15. David H. Autor & David Dorn & Gordon H. Hanson, 2016. "The China Shock: Learning from Labor-Market Adjustment to Large Changes in Trade," Annual Review of Economics, Annual Reviews, vol. 8(1), pages 205-240, October.
    16. Robert Z. Lawrence, 2017. "Recent Manufacturing Employment Growth: The Exception That Proves the Rule," NBER Working Papers 24151, National Bureau of Economic Research, Inc.
    17. Theodore H. Moran & Lindsay Oldenski, 2014. "The US Manufacturing Base: Four Signs of Strength," Policy Briefs PB14-18, Peterson Institute for International Economics.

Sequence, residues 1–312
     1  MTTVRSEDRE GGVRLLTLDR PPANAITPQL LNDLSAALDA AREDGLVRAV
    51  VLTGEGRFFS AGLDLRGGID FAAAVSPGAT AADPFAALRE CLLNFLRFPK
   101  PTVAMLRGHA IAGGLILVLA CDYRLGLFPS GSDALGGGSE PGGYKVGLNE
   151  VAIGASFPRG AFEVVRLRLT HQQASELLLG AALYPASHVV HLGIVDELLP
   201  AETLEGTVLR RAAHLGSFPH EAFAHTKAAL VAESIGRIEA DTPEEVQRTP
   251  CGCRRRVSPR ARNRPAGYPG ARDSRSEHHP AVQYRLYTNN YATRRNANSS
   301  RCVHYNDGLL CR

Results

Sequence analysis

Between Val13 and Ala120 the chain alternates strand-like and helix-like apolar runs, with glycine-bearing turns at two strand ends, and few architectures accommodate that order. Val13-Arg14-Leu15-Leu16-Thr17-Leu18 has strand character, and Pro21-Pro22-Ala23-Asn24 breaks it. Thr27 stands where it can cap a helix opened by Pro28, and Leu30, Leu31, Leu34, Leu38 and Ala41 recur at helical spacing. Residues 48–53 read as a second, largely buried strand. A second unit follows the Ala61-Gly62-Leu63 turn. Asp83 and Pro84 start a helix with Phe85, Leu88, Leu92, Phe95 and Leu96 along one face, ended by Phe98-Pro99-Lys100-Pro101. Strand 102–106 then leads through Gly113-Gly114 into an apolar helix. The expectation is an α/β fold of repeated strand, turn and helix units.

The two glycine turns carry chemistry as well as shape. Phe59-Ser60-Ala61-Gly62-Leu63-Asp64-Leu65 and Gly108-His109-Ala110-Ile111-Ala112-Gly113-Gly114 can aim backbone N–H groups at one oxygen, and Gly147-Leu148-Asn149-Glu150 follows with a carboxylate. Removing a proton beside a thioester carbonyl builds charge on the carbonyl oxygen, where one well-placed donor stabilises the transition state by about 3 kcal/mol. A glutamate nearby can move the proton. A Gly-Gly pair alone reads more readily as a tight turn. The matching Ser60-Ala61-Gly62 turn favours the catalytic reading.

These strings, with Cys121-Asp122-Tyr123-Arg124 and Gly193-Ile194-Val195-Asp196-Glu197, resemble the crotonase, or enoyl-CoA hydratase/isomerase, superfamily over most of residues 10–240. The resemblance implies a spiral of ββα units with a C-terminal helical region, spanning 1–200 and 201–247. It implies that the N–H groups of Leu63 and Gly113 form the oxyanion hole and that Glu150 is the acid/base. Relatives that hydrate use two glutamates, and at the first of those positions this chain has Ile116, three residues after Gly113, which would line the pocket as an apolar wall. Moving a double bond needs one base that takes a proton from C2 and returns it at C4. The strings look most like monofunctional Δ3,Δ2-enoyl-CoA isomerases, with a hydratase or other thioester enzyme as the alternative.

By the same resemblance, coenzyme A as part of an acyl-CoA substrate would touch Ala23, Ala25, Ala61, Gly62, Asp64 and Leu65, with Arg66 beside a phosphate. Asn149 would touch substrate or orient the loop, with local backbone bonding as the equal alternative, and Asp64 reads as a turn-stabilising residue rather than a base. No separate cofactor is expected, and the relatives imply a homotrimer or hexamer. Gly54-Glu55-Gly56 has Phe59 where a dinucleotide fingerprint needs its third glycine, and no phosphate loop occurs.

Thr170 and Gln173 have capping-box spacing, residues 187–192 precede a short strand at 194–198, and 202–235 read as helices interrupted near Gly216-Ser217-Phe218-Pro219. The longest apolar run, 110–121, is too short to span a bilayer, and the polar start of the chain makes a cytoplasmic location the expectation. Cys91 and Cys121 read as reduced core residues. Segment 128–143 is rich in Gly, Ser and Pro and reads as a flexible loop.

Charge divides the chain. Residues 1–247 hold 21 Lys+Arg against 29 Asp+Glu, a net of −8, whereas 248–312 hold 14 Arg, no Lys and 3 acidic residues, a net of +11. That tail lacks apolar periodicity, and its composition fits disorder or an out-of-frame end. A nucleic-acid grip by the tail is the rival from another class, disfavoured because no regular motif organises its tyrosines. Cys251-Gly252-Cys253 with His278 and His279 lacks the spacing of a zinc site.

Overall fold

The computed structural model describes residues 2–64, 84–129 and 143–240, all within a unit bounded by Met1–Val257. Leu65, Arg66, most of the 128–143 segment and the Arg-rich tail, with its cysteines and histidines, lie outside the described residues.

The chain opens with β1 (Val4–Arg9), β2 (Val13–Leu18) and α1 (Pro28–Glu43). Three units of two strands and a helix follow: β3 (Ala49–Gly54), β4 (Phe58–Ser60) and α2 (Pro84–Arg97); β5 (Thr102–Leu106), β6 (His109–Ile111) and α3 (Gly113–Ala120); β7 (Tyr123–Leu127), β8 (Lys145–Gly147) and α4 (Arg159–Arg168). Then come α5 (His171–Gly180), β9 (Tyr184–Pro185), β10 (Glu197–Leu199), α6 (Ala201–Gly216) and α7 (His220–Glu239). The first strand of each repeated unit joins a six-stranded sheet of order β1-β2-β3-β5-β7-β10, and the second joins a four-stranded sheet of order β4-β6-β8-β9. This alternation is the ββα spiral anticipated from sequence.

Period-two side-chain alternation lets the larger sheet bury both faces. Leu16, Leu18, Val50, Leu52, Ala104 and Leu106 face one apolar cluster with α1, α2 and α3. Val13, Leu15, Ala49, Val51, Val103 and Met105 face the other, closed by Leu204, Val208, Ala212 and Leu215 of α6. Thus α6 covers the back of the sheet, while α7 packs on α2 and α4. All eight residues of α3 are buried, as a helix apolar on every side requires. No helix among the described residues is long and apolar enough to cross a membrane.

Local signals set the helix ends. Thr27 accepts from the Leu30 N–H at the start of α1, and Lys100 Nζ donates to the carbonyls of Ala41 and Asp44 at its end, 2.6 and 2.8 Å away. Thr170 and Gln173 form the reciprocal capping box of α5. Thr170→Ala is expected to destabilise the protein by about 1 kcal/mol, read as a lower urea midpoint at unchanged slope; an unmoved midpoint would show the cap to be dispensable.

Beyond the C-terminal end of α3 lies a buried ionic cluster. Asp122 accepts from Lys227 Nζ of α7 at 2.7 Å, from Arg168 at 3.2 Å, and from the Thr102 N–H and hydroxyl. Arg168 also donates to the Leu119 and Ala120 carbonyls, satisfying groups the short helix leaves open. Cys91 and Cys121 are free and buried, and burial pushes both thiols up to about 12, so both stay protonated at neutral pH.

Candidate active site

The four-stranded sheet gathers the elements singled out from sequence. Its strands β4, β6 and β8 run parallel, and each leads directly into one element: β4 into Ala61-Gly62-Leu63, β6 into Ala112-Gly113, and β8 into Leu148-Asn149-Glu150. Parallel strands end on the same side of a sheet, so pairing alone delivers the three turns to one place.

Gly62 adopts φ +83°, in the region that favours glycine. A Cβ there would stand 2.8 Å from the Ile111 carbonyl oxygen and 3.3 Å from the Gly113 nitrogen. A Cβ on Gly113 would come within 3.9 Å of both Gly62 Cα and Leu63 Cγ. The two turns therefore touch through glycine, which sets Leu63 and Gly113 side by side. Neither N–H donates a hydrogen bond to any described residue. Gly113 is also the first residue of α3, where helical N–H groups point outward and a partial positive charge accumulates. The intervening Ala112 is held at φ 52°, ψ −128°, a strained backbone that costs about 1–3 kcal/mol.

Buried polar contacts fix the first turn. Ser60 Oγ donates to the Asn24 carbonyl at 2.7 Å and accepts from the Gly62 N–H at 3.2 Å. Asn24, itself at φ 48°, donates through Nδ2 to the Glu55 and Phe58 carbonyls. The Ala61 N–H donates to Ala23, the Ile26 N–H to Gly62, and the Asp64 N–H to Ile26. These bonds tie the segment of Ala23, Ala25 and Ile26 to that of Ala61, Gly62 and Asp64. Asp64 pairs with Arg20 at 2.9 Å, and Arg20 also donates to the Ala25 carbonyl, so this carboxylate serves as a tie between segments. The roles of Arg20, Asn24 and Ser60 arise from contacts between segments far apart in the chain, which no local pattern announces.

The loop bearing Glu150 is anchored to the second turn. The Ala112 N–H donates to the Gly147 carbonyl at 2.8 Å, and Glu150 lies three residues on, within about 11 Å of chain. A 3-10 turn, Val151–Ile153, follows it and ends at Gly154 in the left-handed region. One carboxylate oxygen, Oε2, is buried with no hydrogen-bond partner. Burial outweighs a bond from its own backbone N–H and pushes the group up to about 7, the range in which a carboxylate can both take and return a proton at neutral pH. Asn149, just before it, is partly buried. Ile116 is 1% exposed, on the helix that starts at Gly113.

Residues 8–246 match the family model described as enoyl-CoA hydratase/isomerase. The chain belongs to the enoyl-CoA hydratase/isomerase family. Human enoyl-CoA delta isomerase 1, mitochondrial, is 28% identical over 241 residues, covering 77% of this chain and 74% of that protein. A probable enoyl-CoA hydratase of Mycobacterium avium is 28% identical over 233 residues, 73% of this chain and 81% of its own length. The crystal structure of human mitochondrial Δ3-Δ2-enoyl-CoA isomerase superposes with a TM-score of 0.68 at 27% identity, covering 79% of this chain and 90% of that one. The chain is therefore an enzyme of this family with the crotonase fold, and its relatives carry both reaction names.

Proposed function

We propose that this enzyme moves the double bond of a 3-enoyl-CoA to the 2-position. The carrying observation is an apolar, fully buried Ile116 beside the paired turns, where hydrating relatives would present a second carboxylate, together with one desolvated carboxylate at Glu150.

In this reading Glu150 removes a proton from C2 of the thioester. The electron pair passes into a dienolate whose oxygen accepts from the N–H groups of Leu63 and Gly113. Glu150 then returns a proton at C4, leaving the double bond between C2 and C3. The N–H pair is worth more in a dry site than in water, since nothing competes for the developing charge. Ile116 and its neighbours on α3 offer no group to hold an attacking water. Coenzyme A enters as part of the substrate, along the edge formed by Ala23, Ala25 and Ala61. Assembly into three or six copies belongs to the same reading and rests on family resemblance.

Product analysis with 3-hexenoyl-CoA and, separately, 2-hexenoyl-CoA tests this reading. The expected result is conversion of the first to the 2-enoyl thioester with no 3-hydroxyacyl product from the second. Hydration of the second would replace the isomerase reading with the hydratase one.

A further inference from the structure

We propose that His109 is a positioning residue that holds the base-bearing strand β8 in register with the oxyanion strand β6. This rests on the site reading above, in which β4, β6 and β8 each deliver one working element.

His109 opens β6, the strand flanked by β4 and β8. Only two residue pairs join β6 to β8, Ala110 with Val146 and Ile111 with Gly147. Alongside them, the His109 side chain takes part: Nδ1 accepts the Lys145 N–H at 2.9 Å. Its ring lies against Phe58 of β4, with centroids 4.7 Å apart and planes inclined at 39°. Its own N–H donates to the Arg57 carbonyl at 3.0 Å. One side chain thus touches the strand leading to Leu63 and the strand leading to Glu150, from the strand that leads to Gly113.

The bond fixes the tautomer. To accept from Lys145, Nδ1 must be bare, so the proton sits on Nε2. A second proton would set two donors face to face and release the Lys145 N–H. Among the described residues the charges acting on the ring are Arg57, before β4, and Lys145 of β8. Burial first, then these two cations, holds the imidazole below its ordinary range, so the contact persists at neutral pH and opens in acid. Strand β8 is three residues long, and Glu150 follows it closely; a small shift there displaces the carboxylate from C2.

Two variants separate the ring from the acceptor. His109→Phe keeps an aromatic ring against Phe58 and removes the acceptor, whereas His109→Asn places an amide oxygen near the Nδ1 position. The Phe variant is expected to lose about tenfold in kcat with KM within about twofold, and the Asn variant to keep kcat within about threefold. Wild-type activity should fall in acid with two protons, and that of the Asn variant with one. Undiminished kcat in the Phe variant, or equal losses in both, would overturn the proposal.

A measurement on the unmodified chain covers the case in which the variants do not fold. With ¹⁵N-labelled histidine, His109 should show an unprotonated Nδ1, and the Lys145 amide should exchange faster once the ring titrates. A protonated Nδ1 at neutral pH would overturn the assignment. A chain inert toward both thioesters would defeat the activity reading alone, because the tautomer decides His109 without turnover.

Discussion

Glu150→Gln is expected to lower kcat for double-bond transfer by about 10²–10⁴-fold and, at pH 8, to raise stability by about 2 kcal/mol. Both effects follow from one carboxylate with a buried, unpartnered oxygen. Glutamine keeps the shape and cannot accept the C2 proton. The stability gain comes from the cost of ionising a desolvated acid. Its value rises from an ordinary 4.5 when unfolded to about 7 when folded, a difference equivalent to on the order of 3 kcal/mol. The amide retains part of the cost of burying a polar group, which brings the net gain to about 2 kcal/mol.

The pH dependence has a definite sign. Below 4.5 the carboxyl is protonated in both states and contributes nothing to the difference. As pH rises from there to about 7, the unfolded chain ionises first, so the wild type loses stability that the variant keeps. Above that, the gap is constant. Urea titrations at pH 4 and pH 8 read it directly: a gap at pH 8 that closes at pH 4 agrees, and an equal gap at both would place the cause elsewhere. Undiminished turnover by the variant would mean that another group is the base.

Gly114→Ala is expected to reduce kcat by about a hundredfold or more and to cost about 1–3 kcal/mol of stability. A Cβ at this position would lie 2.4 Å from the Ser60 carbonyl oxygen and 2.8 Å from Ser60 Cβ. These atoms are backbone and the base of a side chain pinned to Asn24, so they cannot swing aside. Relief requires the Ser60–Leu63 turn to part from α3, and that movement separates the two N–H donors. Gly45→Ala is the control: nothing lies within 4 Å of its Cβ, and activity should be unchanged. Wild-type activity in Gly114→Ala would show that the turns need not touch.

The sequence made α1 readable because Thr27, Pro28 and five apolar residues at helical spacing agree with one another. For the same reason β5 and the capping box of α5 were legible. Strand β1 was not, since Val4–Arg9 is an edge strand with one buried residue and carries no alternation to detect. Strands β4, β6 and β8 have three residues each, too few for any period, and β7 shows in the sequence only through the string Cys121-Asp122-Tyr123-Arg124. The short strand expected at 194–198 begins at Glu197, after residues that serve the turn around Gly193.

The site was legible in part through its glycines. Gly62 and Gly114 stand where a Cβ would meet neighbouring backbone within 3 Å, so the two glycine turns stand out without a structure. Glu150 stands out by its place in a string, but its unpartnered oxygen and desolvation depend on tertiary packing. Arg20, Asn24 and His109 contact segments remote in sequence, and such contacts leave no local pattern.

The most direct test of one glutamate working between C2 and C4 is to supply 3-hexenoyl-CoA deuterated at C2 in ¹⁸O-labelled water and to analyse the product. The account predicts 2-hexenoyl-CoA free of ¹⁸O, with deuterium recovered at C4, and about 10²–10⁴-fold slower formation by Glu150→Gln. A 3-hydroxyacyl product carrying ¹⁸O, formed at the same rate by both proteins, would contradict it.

18. Lorenzo Rotunno & Adrian Wood, 2015. "Wages and endowments in a globalised world," Economics Papers 2015-W11, Economics Group, Nuffield College, University of Oxford.
    19. Jonathan Haskel & Robert Z. Lawrence & Edward E. Leamer & Matthew J. Slaughter, 2012. "Globalization and U.S. Wages: Modifying Classic Theory to Explain Recent Facts," Journal of Economic Perspectives, American Economic Association, vol. 26(2), pages 119-140, Spring.